Ella does not have to be correct about the emotion but can remain open when asking questions or making statements. For example, dismissive statements such as, “You do not have to worry about that now,” or opinions such as, “Your children do not seem ready to hear negative information right now,” are not helpful. Just as importantly, after making an empathetic statement, it is important to pause, wait, and listen. A pause may be the most important way to follow an empathetic statement so that the patient has time to hear it, respond to it, and benefit from the conversation (Sheehan, 2018).
Mary cries and describes fear and anger about cancer recurrence. She feels weak, tired, and sick so that she cannot possibly “fight.” The question, “How will I tell my children?” is an emotional cue that belies her underlying worries. A gentle inquiry such as, “Tell me your concerns about talking to them,” can help the patient explore her feelings and can help the nurse to understand the patient’s perception of family coping before offering advice (CAPC, 2019b). Through her tears, Mary admits that she feels guilty that she will no longer be able to protect and provide for them. In addition, she is heartbroken that she will not be able to see her grandchildren as they grow.
At that point, the initial conversation ended. The patient felt heard and supported. Ella and her team worked to become a trusted source of information and support. At a subsequent visit, the nurse practitioner asks the patient for permission, as follows: “So that we are all on the same page, would it be OK to ask some more questions about your children’s understanding of your illness?” Mary admits that she has sheltered them from bad news because they seem to get mad, stop listening, and say that she is giving up. She explains that she is not afraid of dying because of her strong faith.
Mary does not want to have a formal meeting with her children because it seems too stressful. The nurse practitioner encourages her to consider other ways that she can talk to each of them on an individual basis. Helpful phrasing may include the following: “Getting prepared will help you to talk with them. Would you like to talk about how to do that?” (CAPC, 2019a). Initially, Mary does not want to talk about death directly, but she is willing to talk to her children about working out ways to prepare for the worst-case scenario of getting sicker.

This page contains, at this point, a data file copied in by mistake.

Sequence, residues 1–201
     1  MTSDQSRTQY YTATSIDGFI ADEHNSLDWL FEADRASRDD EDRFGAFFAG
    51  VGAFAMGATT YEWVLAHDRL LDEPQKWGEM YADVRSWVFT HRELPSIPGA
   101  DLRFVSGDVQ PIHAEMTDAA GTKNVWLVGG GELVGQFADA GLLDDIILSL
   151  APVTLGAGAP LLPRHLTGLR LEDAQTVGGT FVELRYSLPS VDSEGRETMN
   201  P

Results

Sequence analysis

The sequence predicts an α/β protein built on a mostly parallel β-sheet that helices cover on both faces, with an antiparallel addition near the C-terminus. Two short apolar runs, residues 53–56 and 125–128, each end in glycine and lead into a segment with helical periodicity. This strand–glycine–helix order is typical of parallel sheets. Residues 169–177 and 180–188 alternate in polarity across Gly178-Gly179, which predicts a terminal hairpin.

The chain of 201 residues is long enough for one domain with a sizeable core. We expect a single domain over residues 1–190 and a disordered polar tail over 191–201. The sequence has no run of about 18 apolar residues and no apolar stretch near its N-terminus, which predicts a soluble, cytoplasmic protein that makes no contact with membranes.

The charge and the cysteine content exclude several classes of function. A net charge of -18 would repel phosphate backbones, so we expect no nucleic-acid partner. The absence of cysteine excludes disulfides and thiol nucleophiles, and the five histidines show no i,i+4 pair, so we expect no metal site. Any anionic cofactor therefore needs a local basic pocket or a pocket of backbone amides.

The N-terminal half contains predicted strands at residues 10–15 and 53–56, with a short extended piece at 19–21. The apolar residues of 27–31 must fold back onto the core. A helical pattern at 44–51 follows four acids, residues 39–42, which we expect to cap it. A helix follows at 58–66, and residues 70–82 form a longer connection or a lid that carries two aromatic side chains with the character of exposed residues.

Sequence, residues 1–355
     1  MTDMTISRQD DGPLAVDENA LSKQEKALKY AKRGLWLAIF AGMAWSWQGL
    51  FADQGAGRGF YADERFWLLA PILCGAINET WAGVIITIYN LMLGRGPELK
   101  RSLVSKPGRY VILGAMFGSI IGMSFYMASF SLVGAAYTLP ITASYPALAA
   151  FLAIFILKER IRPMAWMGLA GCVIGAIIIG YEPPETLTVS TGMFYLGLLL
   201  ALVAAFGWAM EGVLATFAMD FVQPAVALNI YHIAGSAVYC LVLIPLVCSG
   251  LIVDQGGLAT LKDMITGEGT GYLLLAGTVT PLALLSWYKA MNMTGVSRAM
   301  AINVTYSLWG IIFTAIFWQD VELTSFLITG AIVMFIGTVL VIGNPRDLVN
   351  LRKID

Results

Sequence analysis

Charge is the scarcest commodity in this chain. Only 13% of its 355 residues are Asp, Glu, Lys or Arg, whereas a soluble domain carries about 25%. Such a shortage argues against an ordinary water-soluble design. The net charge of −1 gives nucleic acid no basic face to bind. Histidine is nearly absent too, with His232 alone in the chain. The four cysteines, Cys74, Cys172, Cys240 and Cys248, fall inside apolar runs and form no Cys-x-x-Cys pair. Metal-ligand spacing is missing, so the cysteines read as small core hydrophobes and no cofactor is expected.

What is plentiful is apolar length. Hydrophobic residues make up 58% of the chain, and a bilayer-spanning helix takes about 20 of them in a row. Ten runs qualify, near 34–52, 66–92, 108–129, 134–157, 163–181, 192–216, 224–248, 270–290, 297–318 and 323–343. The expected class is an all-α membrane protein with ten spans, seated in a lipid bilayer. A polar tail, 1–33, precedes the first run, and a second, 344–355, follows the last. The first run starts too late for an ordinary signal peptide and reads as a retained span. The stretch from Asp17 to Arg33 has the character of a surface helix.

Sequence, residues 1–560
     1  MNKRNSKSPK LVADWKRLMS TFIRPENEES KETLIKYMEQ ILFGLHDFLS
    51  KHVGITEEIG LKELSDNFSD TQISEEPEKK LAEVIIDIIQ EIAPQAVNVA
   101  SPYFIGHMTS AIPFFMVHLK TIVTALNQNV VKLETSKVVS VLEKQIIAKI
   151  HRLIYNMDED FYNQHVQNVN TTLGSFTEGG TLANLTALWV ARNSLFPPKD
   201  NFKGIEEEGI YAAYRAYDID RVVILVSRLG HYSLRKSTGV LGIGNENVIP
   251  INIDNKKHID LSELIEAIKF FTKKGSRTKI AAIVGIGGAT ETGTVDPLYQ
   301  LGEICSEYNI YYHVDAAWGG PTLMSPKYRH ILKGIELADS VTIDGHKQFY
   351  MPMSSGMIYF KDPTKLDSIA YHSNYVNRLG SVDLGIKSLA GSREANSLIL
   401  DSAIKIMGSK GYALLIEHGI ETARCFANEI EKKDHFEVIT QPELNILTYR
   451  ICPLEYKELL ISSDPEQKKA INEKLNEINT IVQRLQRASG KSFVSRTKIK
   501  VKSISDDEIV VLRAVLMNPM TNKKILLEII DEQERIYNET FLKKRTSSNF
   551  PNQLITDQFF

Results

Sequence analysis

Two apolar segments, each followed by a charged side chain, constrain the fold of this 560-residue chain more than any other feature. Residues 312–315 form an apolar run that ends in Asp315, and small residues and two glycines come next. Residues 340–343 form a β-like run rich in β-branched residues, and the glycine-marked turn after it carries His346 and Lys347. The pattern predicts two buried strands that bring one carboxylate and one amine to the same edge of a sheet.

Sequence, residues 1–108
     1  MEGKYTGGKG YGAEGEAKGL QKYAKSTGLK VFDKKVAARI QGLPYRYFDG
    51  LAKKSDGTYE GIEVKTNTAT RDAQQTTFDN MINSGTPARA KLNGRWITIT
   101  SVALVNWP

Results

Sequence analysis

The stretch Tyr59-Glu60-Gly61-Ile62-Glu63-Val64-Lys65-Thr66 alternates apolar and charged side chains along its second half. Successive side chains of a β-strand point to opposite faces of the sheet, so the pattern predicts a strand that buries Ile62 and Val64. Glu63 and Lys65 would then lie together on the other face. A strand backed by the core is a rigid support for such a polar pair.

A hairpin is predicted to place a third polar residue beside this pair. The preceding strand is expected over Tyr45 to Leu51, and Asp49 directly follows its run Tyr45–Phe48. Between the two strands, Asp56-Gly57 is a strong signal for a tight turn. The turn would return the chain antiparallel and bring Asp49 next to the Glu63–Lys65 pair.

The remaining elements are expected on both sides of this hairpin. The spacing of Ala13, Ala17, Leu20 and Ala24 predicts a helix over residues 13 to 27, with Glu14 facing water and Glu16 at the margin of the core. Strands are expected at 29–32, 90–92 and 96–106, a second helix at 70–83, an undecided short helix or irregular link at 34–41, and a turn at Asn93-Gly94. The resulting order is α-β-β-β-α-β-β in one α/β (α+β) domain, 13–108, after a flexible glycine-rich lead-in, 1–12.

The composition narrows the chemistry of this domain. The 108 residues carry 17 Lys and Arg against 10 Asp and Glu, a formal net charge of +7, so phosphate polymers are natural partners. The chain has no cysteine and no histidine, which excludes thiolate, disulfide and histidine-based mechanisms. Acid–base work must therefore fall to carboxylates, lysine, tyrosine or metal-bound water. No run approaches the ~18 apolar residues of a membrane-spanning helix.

Over time, Mary shifts the notion of fighting not to mean battling the cancer but instead to mean fighting for her kids. The family discusses a plan for where she will move when she gets sicker and how they will manage some of the financial issues. Although her children do not share similar views about faith and prayer, Mary talks about the confidence and peace that her faith provides her. They begin to acknowledge how it gives her strength and courage as she faces the worst-case scenario.
Nurses can expect to be caught off guard by surprising or hard questions from patients and caregivers. Instead of an immediate attempt to find a right answer, this case study emphasizes the power of pausing and finding a way to make empathic statements. Patients often need a chance to reflect on how they are feeling or how they may resolve difficult health issues. Using tools, such as the NURSE acronym, can provide reminders to nurses (those new to practice or those with many years of experience) of the types of statements that can help respond to emotions (VitalTalk, 2019).
Anne Skwira-Brown, APRN, AOCNP®, is a nurse practitioner at Essentia Health Duluth Clinic in Minnesota. The author takes full responsibility for this content and did not receive honoraria or disclose any relevant financial relationships. The article has been reviewed by independent peer reviewers to ensure that it is objective and free from bias. Skwira-Brown can be reached at email@example.com, with copy to CJONEditor@ons.org. (Submitted June 2022. Accepted August 22, 2022.)
J.M. is a 91-year-old man with a history of benign prostatic hyperplasia, renal insufficiency, gross hematuria, and recurrent urinary tract infections. J.M. has a past medical history of congestive heart failure, coronary artery disease, and cardiac catheterizations. J.M. is a retired real estate agent and lives at his beach home with his wife and grown daughter.
Secondary to his multiple episodes of gross hematuria and urinary tract infections, J.M. had a cystoscopy, which revealed a bladder tumor; in 2020, he underwent a transurethral resection of the bladder tumor. From pathology evaluation of the tumor, J.M. was diagnosed with muscle-invasive squamous cell carcinoma of the bladder. Many complications arose after this diagnosis. He experienced a cerebrovascular accident on holding his anticoagulation medication for his upcoming bladder procedure, which required hospitalization. J.M. was treated with radiation therapy in combination with IV 5-fluorouracil/mitomycin C and pembrolizumab. Despite completion of treatment, in May 2021, J.M.’s chest computed tomography scan revealed large amounts of pulmonary metastasis. J.M. started on an IV antibody–drug conjugate, enfortumab vedotin, and completed four cycles with a significant decrease in his pulmonary metastasis. J.M. was recently hospitalized for recurrent hematuria and gastrointestinal bleed and had a Watchman left atrial appendage closure device placement and transcatheter aortic valve replacement. During this admission, J.M. was given multiple blood transfusions.
J.M. continues to follow through with his appointments and treatments, but he expresses to the nurses that he is extremely fatigued and that he just wants to relax and spend as much time with his family as he can. He explains to the nurse that he feels that all these nonstop appointments, tests, and treatments are not the way he would like to spend the last chapter of his life. However, he feels that he will be letting down his wife and daughter if he does not continue with the chemotherapy treatments.